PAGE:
Most Americans don’t spend much time thinking about Bahrain, the small island kingdom in the Persian Gulf. But despite ignorance stateside, Americans play a considerable role in tolerating and perpetuating the bloody government crackdown against Bahraini protesters.
The United States has, despite rhetorical support for protesters in the Arab Spring, supplied oppressive regimes like Bahrain with large amounts of weapons. The Bahraini government has in turn used those arms to violently suppress anti-regime protests, leading to countless injuries and deaths of people calling for greater freedom.
The Bahraini government has been so brutal, in fact, that it has systematically jailed and tortured doctors who tried to treat injured protesters. The Guardian describes the story of one such medical professional, Rula al-Saffar, who has a slim chance Sunday to appeal her 15-year prison sentence for treating patients. She recounts her experiences following her arrest:
“The minute I entered they just closed the gate, and suddenly I was blindfolded, handcuffed, and started being pushed and cussed at the whole time.
“I never knew why was I there. And then this woman started shouting at me, that you hate the system, that you were a protester against the system, against the king.
“I kept saying: ‘No, this is not what happened,’ and of course the minute you say no they beat you up and they electrocute you … And I thought: ‘How dare you do this?’ Interrogation … as you see in a democratic country, I thought my country had the same thing, where you have a right for your lawyer, they read your warrant. But this is not what happened to us.”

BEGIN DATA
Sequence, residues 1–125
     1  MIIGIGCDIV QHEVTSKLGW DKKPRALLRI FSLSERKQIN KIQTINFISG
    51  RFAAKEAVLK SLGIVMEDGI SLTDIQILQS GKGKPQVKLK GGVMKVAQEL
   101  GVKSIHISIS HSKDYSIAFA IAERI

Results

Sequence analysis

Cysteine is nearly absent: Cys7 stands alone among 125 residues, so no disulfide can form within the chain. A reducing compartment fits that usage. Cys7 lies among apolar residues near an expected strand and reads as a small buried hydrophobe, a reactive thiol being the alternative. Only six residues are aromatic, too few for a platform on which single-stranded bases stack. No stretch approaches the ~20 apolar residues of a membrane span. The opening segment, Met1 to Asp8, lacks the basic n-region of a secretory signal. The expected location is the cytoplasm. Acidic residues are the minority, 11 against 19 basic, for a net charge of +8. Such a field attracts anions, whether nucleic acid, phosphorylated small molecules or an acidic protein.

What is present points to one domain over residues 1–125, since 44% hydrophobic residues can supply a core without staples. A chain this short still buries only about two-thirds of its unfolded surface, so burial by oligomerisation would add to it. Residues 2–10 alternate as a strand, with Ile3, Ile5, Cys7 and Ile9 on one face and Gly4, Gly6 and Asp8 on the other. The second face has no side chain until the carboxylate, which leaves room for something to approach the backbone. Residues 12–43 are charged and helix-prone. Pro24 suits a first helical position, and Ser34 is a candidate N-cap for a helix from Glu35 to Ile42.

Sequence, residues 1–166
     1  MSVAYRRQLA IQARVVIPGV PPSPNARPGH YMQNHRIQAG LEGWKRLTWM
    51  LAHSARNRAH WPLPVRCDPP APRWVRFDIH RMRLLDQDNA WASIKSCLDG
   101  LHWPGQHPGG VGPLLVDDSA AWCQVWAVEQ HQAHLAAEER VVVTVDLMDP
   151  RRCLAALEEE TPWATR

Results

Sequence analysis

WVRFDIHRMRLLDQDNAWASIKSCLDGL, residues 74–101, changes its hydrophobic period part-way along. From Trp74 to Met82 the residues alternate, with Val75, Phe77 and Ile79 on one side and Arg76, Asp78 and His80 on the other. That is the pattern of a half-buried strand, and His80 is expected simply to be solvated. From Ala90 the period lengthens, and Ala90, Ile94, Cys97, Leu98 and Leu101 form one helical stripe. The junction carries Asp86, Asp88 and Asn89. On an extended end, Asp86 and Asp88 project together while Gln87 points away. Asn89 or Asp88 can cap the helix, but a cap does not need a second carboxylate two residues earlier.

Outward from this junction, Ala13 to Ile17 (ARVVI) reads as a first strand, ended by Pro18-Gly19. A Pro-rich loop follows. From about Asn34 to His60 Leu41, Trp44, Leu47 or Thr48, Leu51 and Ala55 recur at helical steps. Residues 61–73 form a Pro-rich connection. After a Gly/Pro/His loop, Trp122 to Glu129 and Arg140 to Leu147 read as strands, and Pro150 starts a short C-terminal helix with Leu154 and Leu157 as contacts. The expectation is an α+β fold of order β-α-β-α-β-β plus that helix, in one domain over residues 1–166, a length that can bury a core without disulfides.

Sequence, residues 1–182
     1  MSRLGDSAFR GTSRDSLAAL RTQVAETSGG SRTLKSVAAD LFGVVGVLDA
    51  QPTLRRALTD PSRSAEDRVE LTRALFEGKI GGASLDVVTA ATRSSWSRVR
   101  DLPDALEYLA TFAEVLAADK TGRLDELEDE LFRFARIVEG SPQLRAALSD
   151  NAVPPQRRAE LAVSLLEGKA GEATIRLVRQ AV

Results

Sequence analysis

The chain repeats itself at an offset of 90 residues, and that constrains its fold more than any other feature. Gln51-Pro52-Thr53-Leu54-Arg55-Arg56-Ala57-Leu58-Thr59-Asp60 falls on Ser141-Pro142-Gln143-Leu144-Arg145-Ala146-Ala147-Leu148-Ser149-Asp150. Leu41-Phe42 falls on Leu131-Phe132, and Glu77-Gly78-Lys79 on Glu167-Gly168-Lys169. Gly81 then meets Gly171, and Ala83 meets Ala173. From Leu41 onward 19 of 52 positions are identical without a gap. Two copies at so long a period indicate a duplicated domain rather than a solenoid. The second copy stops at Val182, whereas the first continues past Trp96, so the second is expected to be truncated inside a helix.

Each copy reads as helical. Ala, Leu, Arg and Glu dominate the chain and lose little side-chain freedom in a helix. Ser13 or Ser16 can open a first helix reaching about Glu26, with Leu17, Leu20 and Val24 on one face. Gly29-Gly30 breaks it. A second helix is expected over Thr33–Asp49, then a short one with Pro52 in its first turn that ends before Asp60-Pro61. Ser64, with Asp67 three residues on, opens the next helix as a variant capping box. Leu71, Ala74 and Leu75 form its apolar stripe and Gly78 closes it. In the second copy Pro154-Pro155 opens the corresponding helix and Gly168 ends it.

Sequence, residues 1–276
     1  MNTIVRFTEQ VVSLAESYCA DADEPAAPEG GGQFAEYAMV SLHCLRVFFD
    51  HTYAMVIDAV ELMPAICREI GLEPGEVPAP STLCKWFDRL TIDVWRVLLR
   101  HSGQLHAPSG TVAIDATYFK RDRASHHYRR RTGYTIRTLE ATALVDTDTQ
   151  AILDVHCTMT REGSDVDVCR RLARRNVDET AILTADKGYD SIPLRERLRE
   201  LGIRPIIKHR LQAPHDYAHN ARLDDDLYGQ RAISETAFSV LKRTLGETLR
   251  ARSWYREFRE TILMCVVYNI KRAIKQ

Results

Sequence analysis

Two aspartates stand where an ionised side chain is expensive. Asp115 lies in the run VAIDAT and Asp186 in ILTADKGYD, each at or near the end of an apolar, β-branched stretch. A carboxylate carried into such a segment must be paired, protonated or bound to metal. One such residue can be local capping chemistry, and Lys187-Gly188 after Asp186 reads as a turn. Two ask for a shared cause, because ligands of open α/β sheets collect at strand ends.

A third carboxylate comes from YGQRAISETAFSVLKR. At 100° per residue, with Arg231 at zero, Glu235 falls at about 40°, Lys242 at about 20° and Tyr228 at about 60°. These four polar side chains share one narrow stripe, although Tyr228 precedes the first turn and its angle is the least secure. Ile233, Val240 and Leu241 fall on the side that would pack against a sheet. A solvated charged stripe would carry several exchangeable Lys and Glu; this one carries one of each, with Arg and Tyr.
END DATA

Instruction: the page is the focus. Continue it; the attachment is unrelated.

Saffar spent five months in custody, enduring beatings, torture, sexual assault and threats of rape, before she was bailed in late August. On Sunday, Saffar and 19 other medics and paramedics will appeal against convictions — and sentences ranging between five and 20 years — that have been condemned by governments and medical associations around the world.
Amnesty International has said the charges are politically motivated and the trials were unfair, while the foreign secretary, William Hague, said he was “deeply concerned” by sentences handed down “after the briefest of hearings.”
Speaking to the Guardian from her home in the Bahraini capital, Saffar, 49, spoke of her terror of being returned to custody and potential torture. “To this day, I keep thinking I am in a nightmare, one day I am going to wake up from it … it’s like a choo-choo train. It never ends. I can’t imagine that we are going back again, to the same place, to be tortured again, to be questioned. And I don’t know why.
“I know one thing. That I did my job. This is all that I know. I did my job and I will do it again and again and again. I am a nurse.”
Such accounts, although difficult to hear, are important as the United States considers whether to authorize a $53 million arms deal with Bahrain. A country that tortures doctors who dare to treat protesters is certainly not one that will boost the United States’ global human rights reputation.